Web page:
Interview with John Newland, President of SPIDA

We recently took some time with John Newland, President of SPIDA (the Spiral Duct Manufacturers Assocation), to learn more about the association and the benefits it offers to contractors, engineers, and manufacturers alike. Read more about what John had to say about the state of the industry, trends he sees coming our way, and the benefits of SPIDA. 

Can you give us a brief introduction to who you are and your experience in the industry?

My name is John Newland.  As part of a family-owned business at Hercules Industries, I have pretty much grown up in the HVAC industry, working in the warehouse during the summer months throughout high school and college.  I have been full-time with the company now for ten years, starting my career in commercial outside sales.  I am currently the Regional Manager for our Colorado division. 

What is SPIDA?

SPIDA stands for Spiral Duct Manufacturers Association.  It was started in approximately 1992 by Jan Jorfald.  It was formed to promote the use of round duct, spiral duct (spiral pipe), and flat oval duct by informing the public of its advantages, supporting testing and research of round duct and spiral pipe, and providing manufacturers with specialized information necessary to the efficient operation of the business of the members. 

How would someone become a member?

There are many different levels of memberships.  The top level is a Brad Thomas Research Contributor, and below this is an Industry Supporter, an Associate Member, as well as a newly opened Engineer member.  There are different price levels with each of these memberships along with different benefits.  Whether or not you are a manufacturer of spiral duct, all companies that are associated with the spiral duct industry are welcome. 

What benefits does SPIDA offer its contractor members?

Whether you are a manufacturer, contractor, or indirectly associated with the manufacturing or installation of spiral pipe, the organization provides many benefits.  Members are encouraged to attend both meetings that come twice per year.  The first one is aligned with the AHR show, in which we meet on the Sunday before the show.  The second is our Annual Meeting, which varies in location every year, but is held around the April/May timeframe.  These meetings provide speakers that come from both inside and outside the spiral pipe industry.  We strive to bring in speakers that are applicable to all our members both professionally and personally.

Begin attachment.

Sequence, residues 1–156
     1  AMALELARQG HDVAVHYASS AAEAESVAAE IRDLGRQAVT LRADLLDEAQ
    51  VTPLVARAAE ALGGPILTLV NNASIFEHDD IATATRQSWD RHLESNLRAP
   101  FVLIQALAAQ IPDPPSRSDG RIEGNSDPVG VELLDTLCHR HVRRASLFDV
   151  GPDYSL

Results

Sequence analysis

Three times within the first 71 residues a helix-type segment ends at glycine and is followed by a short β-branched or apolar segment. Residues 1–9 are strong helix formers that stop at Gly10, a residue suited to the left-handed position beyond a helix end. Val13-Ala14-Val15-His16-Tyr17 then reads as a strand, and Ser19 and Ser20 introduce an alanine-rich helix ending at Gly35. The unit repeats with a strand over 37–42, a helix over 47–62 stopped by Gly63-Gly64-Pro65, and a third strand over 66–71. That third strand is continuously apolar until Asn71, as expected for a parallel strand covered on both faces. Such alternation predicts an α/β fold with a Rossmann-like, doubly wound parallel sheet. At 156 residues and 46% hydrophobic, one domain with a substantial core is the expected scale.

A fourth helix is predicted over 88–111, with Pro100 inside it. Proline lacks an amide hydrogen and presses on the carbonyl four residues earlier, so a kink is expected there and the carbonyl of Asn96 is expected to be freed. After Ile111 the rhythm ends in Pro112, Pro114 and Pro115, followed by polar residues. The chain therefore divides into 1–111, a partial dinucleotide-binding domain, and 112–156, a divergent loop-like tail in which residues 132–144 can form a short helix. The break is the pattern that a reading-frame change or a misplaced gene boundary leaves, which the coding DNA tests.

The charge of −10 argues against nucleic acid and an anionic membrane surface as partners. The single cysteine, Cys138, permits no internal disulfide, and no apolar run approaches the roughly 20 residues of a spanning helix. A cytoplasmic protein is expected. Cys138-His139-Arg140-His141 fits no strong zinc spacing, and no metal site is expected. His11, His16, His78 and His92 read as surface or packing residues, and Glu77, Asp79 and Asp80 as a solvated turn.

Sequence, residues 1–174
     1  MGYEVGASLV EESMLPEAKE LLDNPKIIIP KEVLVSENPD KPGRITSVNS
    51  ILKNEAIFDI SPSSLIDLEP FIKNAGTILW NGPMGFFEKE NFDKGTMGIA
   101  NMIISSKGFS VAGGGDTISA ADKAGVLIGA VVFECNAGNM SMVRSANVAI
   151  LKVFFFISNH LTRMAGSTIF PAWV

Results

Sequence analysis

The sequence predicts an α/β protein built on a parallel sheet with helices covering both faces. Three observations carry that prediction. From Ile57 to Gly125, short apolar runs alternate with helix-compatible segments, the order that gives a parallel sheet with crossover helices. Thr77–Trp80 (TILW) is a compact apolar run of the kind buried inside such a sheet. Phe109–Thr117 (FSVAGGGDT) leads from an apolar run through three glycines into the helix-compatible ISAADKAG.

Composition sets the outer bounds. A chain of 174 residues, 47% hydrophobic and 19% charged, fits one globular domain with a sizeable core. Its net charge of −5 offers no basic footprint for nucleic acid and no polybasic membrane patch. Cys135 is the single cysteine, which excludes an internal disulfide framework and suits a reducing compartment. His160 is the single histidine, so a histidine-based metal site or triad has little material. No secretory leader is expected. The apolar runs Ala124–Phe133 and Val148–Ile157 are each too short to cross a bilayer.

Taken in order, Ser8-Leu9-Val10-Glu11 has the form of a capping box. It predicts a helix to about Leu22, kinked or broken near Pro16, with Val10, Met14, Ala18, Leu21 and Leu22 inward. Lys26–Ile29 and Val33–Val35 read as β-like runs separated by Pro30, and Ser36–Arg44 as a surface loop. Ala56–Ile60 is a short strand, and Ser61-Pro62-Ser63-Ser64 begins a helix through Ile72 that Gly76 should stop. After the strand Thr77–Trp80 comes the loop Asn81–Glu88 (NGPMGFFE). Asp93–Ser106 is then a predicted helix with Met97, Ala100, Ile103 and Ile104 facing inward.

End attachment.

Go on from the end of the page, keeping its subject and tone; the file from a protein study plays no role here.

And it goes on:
With members coming throughout the country, the meetings provide an invaluable opportunity to discuss best practices, where many of our members have implemented different ideas to their own respective businesses derived from casual conversations as well as organized, round table discussions.

Members also have the opportunity to access technical data that is produced through many of our different technical projects.  For example, we just completed a flat oval construction standards project, in which the data is currently being adopted into the latest SMACNA construction standards edition. Members also have the opportunity to give ideas to the board for any future technical project they see fit and needed. 

If an engineer wereinterested in joining SPIDA would they be able to, and what benefits would they receive out of it versus the benefits for contractors?

We do have an Engineer Member category, which is $100/year.  A membership will give them access to all the data and testing results, as well as all the general information that is posted on the members only web page.  Engineer members are encouraged to attend the meetings as well.

How many members do you currently have?

Currently, we have 82 members spread throughout the US and Canada.

What trends are you seeing in the spiral pipe industry that are having an impact on the way you/your members do business?

Over the past 5-10 years, we have seen a very large increase in the utilization of VRF (variable refrigerant flow) as well as fabric duct.  Although spiral and oval ductwork is still very prominent, the two systems have taken a bit of market share.

What are the differences in spiral vs rectangular ducts?

Through many different research and technical projects done by SPIDA, we have concluded that spiral pipe has a much smaller leakage rate than rectangular.  It’s also been tested that spiral is more cost effective both from a fabrication standpoint as well as an installation perspective.  When space is an issue, oval spiral is a great option. 

What are the primary challenges your members face in the industry today?

The HVAC market has always proved to be a little behind on the acceptance of technological advances.  SPIDA provides a great opportunity for our members to collaborate on new ideas and ways to be more efficient in fabrication, warehousing, and logistics of delivery.  As with the rest of the construction market, our members are feeling the tight labor market.  This would be the number one obstacle in being able to grow more.